“Sharing food is particularly special to my family. It’s a really important part of our faith,” said Tammy Fisher, a member of the Muslim faith who lives in midtown Bayonne. “It’s mentioned in the Quran. It’s mentioned in the sayings of the prophet. It’s said the believer shouldn’t let his neighbor go hungry. I definitely think that’s something all faiths have in common.”
Fisher, 37, her husband, and her kids regularly seek out volunteer opportunities “but we rarely find things to do in Bayonne,” she said. Last July, she and her family volunteered at the soup kitchen, then brought the idea back to the Muslim community in Bayonne.
“I knew that when I brought the idea to them, I would have enough volunteers,” said Fisher. “We always have people ready and willing to do stuff like this.”
Hudson County has 822 chronically homeless people, according to an annual count conducted by United Way in the winter of 2017. And the conditions for the homeless are not getting much better, as housing, education, and healthcare costs continue to rise. Even though who have housing may be in need of food.
“When we first started mixing with all different religions, there was a little bit of an upset in the kitchen because they said it was a Catholic ministry. But I felt like that it should be open to everyone,” said Anita Neil, who has organized the Bayonne Soup Kitchen since its inception in 2007. “Regardless of backlash, we continued. People’s hearts have changed, and people’s minds have changed. It’s really a beautiful thing to watch this change in people and the family we became, regardless of nationality and religion.”
“Sharing food is particularly special to my family. It’s a really important part of our faith.” – Tammy Fisher
The Bayonne Soup Kitchen started in cooperation between St. Andrew’s, St. Mary’s, and Our Lady of Assumption Church, which later merged into Blessed Miram Teresa Parish.
Since last July, Neil and Fisher have become close friends. “We come from different backgrounds, but we learn a lot from each other,” said Neil. “Having this diversity at the kitchen has made it a success because we have different input and suggestions in running the kitchen.”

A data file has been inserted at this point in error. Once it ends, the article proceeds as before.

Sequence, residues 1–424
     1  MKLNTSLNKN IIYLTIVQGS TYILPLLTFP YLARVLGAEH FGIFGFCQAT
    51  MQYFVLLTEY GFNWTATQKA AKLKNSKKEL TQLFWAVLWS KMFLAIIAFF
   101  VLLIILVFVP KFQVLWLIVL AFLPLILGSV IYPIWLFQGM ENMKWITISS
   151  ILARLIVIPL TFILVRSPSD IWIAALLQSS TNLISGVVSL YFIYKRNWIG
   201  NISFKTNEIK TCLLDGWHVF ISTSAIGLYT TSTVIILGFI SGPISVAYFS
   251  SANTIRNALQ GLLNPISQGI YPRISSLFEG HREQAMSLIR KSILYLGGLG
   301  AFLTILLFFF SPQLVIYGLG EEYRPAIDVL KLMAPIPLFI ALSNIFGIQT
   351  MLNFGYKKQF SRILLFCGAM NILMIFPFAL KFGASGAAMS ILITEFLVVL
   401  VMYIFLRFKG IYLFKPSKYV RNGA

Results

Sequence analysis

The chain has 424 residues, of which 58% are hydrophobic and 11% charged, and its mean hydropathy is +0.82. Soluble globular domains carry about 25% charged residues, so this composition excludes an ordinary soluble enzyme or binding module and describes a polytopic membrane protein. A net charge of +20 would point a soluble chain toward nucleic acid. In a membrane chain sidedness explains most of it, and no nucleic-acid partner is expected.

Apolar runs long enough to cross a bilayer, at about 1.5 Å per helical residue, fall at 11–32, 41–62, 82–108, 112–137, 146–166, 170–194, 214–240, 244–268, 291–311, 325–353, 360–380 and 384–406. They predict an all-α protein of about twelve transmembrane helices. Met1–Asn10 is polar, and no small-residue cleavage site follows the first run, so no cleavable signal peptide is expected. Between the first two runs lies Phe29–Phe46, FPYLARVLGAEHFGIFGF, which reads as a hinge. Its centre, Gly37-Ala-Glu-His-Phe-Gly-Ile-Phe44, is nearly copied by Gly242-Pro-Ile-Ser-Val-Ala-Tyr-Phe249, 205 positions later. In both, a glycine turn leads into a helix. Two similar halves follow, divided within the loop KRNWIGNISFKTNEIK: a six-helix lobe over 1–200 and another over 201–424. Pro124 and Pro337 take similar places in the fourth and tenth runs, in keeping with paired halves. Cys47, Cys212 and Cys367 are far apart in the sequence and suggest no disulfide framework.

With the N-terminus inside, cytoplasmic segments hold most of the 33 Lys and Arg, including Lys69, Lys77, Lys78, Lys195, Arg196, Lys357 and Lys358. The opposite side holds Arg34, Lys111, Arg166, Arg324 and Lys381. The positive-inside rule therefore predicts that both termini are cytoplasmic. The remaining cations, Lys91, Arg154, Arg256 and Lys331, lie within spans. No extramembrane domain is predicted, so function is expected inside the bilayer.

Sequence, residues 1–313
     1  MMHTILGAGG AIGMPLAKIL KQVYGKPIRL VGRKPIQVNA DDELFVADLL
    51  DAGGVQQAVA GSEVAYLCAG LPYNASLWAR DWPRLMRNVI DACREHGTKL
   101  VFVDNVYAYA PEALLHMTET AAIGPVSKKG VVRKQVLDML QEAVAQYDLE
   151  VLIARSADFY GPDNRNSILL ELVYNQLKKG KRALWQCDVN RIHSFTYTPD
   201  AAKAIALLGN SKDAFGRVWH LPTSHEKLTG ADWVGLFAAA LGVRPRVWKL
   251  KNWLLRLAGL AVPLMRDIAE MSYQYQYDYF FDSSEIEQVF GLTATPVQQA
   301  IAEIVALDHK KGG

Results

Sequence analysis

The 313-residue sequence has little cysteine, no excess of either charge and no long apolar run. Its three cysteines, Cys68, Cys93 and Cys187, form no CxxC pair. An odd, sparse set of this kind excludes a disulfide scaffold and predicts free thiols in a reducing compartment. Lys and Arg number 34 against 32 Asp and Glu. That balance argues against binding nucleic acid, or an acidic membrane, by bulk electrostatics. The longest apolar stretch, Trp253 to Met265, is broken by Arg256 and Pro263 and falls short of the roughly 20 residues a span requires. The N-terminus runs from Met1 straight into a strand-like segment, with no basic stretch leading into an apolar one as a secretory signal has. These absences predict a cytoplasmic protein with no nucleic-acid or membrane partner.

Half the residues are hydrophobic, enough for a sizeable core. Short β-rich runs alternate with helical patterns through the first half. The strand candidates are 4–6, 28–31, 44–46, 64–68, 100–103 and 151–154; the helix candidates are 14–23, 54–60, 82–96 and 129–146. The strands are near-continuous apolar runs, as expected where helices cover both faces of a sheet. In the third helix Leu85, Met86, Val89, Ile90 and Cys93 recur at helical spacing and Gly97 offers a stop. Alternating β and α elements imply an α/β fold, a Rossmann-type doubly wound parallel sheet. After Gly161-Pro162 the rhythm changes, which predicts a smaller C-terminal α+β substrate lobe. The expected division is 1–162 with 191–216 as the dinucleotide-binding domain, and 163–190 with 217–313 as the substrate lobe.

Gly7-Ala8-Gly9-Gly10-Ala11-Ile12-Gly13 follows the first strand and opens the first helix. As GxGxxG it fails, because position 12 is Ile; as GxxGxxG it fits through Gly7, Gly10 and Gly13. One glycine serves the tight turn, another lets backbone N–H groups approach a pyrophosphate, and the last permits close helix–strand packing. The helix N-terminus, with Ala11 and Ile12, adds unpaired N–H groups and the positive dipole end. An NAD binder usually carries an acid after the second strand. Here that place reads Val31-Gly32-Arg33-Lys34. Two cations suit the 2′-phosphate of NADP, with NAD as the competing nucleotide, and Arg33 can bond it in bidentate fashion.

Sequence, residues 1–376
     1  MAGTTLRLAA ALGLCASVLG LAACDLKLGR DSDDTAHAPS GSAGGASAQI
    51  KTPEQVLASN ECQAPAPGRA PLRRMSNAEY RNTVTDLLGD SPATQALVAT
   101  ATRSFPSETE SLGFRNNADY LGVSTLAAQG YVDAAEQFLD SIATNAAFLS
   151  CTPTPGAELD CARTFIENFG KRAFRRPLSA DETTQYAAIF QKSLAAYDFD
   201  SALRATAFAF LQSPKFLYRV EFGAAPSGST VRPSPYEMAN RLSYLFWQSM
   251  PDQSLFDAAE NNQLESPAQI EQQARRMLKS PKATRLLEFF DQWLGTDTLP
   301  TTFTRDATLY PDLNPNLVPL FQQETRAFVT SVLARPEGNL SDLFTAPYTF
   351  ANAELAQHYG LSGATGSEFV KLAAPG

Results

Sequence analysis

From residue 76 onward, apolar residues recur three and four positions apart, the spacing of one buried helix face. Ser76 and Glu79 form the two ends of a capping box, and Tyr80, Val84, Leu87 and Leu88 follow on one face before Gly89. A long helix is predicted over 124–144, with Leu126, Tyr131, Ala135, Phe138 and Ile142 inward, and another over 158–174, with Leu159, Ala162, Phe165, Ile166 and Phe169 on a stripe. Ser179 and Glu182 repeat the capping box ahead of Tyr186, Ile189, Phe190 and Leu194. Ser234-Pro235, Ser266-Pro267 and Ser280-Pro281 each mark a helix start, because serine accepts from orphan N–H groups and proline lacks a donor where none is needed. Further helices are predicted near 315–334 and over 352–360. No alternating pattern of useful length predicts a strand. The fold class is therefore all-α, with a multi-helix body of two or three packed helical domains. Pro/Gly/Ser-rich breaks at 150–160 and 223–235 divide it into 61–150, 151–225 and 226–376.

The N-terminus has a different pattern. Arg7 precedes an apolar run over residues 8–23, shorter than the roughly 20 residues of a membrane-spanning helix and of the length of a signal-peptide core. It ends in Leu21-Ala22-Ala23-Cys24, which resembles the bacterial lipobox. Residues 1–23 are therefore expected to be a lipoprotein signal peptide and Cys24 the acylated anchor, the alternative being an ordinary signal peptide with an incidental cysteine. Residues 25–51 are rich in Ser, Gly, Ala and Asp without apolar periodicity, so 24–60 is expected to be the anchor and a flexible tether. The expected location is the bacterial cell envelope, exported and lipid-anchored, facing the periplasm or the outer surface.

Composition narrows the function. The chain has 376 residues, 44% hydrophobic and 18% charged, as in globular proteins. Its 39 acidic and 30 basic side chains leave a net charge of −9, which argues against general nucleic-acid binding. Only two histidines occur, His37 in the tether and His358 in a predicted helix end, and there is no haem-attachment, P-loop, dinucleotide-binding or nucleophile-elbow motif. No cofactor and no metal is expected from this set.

“We are appreciative of the opportunity and the trust the people running the soup kitchen have in us, so we’re really grateful,” said Waheed Akbar, a member of the Muslim community in Bayonne who also volunteered at the kitchen in July. “We want to give back to the community as much as we can.”
As the Bayonne community grows more inclusive and diverse, those who identify with the Islamic faith are finding their foothold. They used to hold prayer sessions in the basement of St. Henry’s Church on Avenue C until last year. As their attendance grew, they sought to create a mosque that accommodate the whole community.
They are now finalizing plans to renovate an old warehouse on East 24th Street off Avenue F and hope to be up and running by the spring of 2019. In the meantime, they are renting prayer space near Frank’s Theatres in South Cove Commons on Route 440 while others travel to Jersey City to pray.
“We’ve made wonderful, incredible friends throughout the town. Now we have a lot of different religions and churches that join in,” said Neil. “It is a very big acceptance of people of any financial, religious, ethnic backgrounds. It’s really wonderful.”
The soup kitchen operates at All Saints Catholic Academy on 13th Street between Broadway and Avenue C every Sunday from 5 p.m. to 6 p.m. To volunteer or find out how to get help, contact Blessed Miriam Teresa Parish at (201) 437-4090.
Rory Pasquariello can be reached at email@example.com.